Inclusive and Finely-Drawn: Mat Maneri Quartet in Springfield
In the sound world, we are accustomed to equating intensity with high volume and fast tempos. But as Mat Maneri’s ASH Quartet demonstrated on October 15, it is entirely possible to produce intensity at low volume and at slow tempos. The Quartet: Mat Maneri, viola, Lucian Ban, piano, Brandon Lopez, bass and Randy Peterson, drums, gave us a 70-minute set of power-filled originals at the Community Music School of Springfield (CMSS) without raising their voice or breaking a sweat.
The band is on an extensive tour of the U.S. and Europe in support of their recent Sunnyside release, ASH (John Hébert plays bass on the recording). It follows on the heels of their 2019 effort, DUST. The third part of the trilogy, MIST, will be out in the near future.
Wearing various shades of black, the musicians improvised freely and performed selections from the aforementioned records. Both the compositions, written by Maneri, and the group improvisations, rarely moved beyond Adagio (66-76 bpm). Of course, beats per minute is not the most useful measure of the work, since the music seemed to flutter and float, suspended in the breeze like the blowball of a dandelion. The music was played at low to moderate volume, forcing us to lean in and concentrate.
Cultures everywhere employ a much broader tone world than we’re used to, and Maneri is a master of microtones, the notes between the notes of the equal tempered scale most westerners grow up hearing. Maneri’s father, the great saxophonist and clarinetist Joe Maneri, devoted his life to exploring microtones, which he taught to generations of students at the New England Conservatory of Music. During an interview on WHMP’s Talk the Talk, Maneri told me about the 72-note scale system his father developed, and how comfortable he became with the pitch-rich music of India, Greece and the Jewish and Arab world.
Imagine if painters could only use primary colors, forbidden from mixing pigments and bending color. What a limited universe that would be. Isn’t it the same for music? Why commit ourselves to so few ingredients? We must free ourselves from the tyranny of living in a right note/wrong note world.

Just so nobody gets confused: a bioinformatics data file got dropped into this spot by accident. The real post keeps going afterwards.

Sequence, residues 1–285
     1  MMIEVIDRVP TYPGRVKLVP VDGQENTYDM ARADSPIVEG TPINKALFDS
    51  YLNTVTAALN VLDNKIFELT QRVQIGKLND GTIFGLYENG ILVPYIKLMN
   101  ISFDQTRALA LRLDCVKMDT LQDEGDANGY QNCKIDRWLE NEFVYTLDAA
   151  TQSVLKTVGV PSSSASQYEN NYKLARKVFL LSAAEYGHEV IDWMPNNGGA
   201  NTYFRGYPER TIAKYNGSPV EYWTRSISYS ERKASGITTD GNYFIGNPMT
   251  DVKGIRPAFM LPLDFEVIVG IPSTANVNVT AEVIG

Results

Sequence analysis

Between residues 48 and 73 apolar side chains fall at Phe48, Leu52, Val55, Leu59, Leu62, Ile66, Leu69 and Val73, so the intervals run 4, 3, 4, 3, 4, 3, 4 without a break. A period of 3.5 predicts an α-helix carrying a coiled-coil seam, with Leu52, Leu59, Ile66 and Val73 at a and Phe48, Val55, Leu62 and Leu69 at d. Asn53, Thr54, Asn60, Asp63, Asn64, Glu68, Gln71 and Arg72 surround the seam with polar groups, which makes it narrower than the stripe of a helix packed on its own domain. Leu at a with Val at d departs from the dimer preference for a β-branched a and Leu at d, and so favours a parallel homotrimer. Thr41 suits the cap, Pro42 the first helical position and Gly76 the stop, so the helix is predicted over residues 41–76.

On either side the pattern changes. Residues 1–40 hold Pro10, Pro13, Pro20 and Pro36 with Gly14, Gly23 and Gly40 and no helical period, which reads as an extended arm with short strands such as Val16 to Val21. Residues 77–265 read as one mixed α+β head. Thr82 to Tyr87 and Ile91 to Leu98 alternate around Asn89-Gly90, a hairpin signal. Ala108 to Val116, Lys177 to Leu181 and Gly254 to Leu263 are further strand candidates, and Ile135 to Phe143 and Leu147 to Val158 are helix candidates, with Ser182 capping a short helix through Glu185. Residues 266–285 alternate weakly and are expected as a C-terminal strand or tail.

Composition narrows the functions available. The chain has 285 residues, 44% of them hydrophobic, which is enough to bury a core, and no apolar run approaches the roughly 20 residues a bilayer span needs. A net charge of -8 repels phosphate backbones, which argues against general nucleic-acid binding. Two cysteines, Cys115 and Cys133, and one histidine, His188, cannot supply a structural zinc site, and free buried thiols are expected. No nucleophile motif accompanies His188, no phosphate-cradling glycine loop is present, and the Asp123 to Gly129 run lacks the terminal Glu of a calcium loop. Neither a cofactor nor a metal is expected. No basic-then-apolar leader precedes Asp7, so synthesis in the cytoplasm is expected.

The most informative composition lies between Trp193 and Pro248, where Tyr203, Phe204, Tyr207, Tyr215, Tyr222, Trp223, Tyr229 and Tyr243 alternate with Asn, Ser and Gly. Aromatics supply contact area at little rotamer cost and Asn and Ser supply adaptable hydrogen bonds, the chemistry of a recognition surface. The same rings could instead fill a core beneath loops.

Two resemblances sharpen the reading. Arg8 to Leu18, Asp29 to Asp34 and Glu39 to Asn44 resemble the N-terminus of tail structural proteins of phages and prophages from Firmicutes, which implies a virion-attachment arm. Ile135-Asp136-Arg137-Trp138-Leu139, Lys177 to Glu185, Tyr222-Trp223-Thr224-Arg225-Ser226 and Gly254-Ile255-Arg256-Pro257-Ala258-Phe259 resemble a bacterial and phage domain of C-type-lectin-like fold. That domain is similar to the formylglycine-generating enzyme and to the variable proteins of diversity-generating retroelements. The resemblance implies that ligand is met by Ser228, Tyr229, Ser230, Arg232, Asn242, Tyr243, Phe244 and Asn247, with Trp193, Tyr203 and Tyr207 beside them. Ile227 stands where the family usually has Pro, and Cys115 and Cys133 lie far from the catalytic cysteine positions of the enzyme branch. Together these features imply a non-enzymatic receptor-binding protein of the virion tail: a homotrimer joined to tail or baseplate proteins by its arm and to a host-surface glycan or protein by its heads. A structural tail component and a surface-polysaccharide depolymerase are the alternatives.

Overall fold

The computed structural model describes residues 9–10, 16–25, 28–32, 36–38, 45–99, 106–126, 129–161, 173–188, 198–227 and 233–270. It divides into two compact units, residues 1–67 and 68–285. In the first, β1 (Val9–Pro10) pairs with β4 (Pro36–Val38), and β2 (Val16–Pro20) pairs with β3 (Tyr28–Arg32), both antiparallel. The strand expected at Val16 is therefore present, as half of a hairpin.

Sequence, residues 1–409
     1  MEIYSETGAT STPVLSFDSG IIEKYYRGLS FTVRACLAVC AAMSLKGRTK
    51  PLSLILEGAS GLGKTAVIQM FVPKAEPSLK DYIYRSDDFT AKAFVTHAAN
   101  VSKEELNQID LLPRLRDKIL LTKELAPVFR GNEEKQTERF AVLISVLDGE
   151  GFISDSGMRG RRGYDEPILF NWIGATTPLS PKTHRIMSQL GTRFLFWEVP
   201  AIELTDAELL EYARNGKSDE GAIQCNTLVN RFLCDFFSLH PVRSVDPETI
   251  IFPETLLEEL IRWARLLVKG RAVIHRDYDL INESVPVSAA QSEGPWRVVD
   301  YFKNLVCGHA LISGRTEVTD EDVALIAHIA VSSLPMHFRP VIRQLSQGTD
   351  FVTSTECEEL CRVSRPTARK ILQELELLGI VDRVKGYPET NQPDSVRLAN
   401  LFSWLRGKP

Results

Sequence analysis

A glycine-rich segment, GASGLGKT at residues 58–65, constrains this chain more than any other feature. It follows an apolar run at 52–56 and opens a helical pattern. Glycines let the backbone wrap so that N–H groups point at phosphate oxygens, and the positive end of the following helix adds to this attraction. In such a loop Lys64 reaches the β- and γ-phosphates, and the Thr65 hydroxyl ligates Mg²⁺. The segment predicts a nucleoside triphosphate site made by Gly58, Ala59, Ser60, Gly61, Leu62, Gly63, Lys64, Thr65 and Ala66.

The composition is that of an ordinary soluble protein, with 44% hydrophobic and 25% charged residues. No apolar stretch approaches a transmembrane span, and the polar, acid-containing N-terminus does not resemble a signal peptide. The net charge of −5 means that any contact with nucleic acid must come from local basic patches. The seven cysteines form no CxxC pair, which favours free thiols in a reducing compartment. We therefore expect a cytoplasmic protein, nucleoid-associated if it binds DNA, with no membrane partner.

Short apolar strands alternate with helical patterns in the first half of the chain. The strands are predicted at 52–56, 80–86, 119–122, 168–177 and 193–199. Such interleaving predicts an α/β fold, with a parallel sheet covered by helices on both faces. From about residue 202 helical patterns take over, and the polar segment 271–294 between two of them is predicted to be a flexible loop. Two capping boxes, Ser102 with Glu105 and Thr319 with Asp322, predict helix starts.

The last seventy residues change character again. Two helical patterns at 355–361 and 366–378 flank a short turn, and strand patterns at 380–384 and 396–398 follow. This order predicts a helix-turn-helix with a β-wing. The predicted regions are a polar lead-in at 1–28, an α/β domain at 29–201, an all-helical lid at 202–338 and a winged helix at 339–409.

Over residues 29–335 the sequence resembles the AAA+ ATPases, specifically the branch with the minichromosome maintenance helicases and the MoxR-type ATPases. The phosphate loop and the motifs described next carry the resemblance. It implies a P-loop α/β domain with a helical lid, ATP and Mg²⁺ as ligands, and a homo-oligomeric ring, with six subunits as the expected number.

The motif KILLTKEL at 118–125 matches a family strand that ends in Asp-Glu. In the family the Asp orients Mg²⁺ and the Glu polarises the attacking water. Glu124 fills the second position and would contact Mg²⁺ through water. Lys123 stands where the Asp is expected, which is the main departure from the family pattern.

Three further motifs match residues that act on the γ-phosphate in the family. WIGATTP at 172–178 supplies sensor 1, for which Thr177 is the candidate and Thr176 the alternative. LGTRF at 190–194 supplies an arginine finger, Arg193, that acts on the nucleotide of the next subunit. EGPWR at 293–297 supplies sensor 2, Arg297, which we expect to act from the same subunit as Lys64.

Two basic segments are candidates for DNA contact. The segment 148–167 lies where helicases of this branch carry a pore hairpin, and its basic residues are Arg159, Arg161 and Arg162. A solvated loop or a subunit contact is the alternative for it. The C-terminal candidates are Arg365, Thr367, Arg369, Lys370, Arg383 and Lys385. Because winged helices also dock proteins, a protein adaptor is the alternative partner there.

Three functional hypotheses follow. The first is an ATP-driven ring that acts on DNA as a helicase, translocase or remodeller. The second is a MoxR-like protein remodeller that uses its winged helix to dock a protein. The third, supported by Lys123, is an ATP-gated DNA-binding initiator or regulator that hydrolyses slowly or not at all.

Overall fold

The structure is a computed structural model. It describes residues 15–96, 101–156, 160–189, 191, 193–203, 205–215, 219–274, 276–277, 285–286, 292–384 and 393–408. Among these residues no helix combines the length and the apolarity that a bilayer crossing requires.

The Mat Maneri Quartet has managed to create its own sound world, a way of working that is highly intuitive, reactive and distinctive. Using indeterminate tempos and an expanded palette of pitches, Maneri and his bandmates wove music that was dark, mournful, dramatic and a little disorienting. Near the end of the program they “broke character” and played an (unnamed) up tempo piece that swung at times and made me think of the great Carla Bley, who passed away two days later.
Intuitive, reactive and distinctive describes the largely unsung Randy Peterson. “Far from the spectacle of music,” wrote the No Idea Festival, “drummer Randy Peterson has been quietly cultivating a singular approach to pulse and time that is both deeply profound and mysteriously idiosyncratic.” Playing with brushes and his hands a good amount of the time, Peterson created forward momentum while playing metrically free. Mat told me Peterson was a kick-ass bebop drummer when he first met Joe Maneri. Over many years working with both Joe and Mat - documented on an important series of 1990s recordings for ECM, Leo and hatOLOGY - Peterson has opened up his approach, becoming the perfect drummer for this music.
Lucian Ban is Maneri’s most frequent collaborator. Their duo concert seven years ago in the same elegant CMSS space, remains stuck in my head. Their work together also includes a fantastic trio with saxophonist John Surman (see Transylvanian Folk Songs, ECM, 2020), and recordings made with Evan Parker, Abraham Burton, and others. After the Springfield concert, Ban and Maneri were flying to Birmingham, Alabama to perform Bartok folk songs and compositions of George Enescu with the Alabama Symphony Orchestra. On Sunday, Ban’s technique of dampening the piano strings with one hand made him a perfect collaborator with his fellow string players, while at points he let the piano ring and brighten the bandstand.
Brandon Lopez replaced John Hébert, who couldn’t make the tour. A generation younger than his bandmates, the 35 year old Lopez reinforced his reputation as one of the most promising young bassists on the scene. He’s been mentored by William Parker, and has been part of New York’s Art For Arts family for some time. We heard him two years ago in Goshen with trumpeter Steph Richards’ ensemble. His deep, woody timbre and his varied means of sound production, were delivered with confidence and conviction. He fit right in.
One of the highlights of my presenting career was a 2004 concert by Joe and Mat Maneri at Bezanson Recital Hall. I was happy to hear that Mat also cherished that evening (and still has the poster). I’ll always remember Mat walking to his father after the performance and kissing him on the forehead, a spontaneous and genuine gesture. When I think of Mat Maneri, I think about gestures and mark making, the subtle and idiosyncratic ways he makes sound on the viola. There were times when his playing was barely audible but still projected power, and he displayed a level of detail and control that was precise and quite impressive.
I invited him back to the Valley when the trilogy was complete.